Think of it as actually doing quadrillions of steps in an infinite mathematical series. How close to its real transcendent value would π be after 500 trillion steps?

^{[1]} This all started out as a flight of fancy, but the more I think about it, the more it fits.

^{[2]} Even if it takes them forever, just like it would you.

^{[3]} Transfinite mathematics involves multiple levels of infinity, but I think the countable versus uncountable one is the foundation. (I’m not convinced the others exist meaningfully.)

^{[4]} Which, if you *didn’t* watch the video, is that you can reduce any algebraic expression to zero using only addition (and subtraction), multiplication (and division), or exponentiation.

(The video at the bottom has some extra bits they didn’t include in the main video. It’s the same one linked to at the end of the main one.)

^{[5]} It’s when you look *closely* at π that you realize how weird it is. See the Pi Day post for how far down the rabbit hole that goes!

^{[6]} AKA: “theses” 🙂

^{[7]} One problem is that *calculating* random numbers is nearly impossible. It takes some real world source (semiconductor noise is a good one) for true randomness.

(The difficulty of calculating random numbers is just another illustration of the limits of discrete math and algorithmic processes.)

^{[8]} Cantor is clearly addressing the countable-uncountable divide, and it’s possible Turing and Gödel are as well.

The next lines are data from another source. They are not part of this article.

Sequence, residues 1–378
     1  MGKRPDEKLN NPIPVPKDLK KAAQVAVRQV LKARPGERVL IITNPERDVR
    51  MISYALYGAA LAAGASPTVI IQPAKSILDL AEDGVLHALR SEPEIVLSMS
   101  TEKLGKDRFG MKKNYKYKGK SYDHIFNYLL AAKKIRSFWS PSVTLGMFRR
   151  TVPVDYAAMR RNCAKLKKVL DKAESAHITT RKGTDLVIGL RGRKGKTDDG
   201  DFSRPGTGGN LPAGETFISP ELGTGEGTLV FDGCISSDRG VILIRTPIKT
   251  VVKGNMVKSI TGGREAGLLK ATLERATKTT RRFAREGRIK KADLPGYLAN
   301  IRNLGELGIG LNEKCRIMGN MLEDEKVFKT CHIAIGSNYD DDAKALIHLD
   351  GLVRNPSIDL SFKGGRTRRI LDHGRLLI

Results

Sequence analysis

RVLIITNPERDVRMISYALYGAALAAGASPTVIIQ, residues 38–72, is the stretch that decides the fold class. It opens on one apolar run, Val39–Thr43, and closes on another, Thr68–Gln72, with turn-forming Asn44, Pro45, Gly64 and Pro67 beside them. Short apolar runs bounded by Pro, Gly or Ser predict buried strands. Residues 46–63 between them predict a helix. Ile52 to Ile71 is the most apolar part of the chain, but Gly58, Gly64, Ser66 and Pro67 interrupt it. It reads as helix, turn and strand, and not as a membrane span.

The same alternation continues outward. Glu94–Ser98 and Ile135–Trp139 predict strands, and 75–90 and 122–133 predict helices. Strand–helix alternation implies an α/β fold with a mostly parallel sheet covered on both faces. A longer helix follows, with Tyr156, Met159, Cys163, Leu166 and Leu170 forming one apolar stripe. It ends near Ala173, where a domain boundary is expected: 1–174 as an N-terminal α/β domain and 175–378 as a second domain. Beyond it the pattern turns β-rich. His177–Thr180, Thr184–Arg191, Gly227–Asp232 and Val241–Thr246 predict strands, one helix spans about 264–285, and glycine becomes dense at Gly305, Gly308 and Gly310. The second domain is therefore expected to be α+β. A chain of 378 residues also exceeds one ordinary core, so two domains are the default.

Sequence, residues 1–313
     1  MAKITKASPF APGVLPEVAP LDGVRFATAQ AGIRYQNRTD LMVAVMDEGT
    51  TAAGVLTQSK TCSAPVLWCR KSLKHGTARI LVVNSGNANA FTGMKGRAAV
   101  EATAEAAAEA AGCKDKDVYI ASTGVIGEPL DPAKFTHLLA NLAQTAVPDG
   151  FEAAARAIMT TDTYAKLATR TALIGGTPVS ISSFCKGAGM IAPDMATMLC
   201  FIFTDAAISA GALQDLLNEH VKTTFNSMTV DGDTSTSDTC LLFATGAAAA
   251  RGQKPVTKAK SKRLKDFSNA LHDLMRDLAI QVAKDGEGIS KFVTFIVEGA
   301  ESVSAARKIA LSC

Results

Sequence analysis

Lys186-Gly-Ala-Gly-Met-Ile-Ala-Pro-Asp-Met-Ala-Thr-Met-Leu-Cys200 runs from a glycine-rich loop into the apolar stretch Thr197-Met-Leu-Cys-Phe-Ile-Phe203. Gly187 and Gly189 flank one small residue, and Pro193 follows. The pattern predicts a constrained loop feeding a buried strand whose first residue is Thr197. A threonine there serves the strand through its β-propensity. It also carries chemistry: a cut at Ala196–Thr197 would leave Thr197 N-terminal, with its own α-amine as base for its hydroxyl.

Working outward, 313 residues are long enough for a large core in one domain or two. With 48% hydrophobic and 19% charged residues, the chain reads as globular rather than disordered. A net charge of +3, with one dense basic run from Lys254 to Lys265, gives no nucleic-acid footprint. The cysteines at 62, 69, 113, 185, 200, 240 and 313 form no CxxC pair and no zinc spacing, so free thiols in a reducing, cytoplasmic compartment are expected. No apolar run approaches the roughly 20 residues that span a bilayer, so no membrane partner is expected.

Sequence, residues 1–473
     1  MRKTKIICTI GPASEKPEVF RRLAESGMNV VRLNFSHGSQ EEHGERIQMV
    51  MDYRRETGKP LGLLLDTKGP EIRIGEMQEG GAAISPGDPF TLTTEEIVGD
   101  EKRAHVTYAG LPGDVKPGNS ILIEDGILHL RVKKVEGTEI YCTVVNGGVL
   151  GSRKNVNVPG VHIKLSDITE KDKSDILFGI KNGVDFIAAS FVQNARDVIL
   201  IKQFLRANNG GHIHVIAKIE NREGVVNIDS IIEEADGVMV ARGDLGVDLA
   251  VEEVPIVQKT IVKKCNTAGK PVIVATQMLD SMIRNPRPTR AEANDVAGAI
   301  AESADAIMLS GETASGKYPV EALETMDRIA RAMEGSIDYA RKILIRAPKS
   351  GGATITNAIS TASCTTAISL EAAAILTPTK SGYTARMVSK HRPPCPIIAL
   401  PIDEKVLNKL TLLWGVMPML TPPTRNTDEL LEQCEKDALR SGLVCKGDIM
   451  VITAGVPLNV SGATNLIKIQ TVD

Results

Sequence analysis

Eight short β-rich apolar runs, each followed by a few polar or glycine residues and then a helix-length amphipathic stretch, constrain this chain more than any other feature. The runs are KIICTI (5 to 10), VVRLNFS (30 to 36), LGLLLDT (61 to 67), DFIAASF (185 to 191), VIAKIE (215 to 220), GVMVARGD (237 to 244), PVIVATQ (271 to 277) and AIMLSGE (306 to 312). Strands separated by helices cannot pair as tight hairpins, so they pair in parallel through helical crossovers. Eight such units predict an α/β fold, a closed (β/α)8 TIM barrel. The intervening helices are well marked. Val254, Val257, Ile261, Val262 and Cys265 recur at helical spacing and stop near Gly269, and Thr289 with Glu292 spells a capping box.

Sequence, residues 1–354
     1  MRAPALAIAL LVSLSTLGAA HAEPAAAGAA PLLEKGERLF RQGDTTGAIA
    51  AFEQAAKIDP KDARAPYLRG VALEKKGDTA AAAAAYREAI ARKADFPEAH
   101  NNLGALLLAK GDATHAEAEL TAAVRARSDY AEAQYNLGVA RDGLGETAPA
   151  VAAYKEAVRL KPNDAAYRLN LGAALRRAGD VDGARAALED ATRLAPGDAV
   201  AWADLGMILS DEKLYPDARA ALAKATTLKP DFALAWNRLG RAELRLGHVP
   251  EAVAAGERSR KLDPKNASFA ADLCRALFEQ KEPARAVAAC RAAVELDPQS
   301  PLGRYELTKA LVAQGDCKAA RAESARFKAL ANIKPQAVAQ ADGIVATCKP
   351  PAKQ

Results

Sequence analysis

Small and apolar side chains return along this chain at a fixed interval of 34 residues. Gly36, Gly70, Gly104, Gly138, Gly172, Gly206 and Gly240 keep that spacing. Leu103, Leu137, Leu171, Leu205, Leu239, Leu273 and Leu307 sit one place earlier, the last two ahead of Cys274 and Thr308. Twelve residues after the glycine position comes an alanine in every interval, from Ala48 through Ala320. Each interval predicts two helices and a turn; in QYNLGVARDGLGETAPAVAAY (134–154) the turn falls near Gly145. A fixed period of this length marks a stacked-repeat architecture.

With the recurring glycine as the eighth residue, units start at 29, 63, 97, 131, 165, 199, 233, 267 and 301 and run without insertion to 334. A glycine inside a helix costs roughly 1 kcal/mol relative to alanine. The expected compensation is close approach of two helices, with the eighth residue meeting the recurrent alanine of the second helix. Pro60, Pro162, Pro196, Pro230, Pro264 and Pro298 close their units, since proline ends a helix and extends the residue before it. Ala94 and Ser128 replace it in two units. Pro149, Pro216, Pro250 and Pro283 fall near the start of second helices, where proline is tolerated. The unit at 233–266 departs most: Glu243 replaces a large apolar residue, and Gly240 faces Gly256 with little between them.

November 11th, 2015 at 10:09 am

I always knew that Pi and e were trouble, from the minute I laid eyes on them. 🙂

Carl Sagan reportedly had a message from a deistic god buried extremely far into the digits of Pi in his book Contact (which sounds much better than the movie).

On determinism, neuroscientist Michael Gazzaniga, in his book ‘Who’s In Charge?’ points out that there is substantial evidence is that the brain is mostly deterministic. He notes that this makes sense when you think about, evolutionarily, what the brain is for, which is to make movement decisions for an organism based on sensory inputs. Rampant indeterminism would destroy any evolutionary advantage in that function.

Is the brain *fully* deterministic? No one knows. In truth, due to chaos theory dynamics, it may never be known. The question is whether a fully deterministic system could approximate its workings. Again, no one knows for sure, but the fact that the brain is at least mostly deterministic gives me hope. Ultimately, the only way we’ll know for sure is if someone succeeds, or after the brain has thoroughly been mapped and understood, fails anyway.

November 11th, 2015 at 10:58 am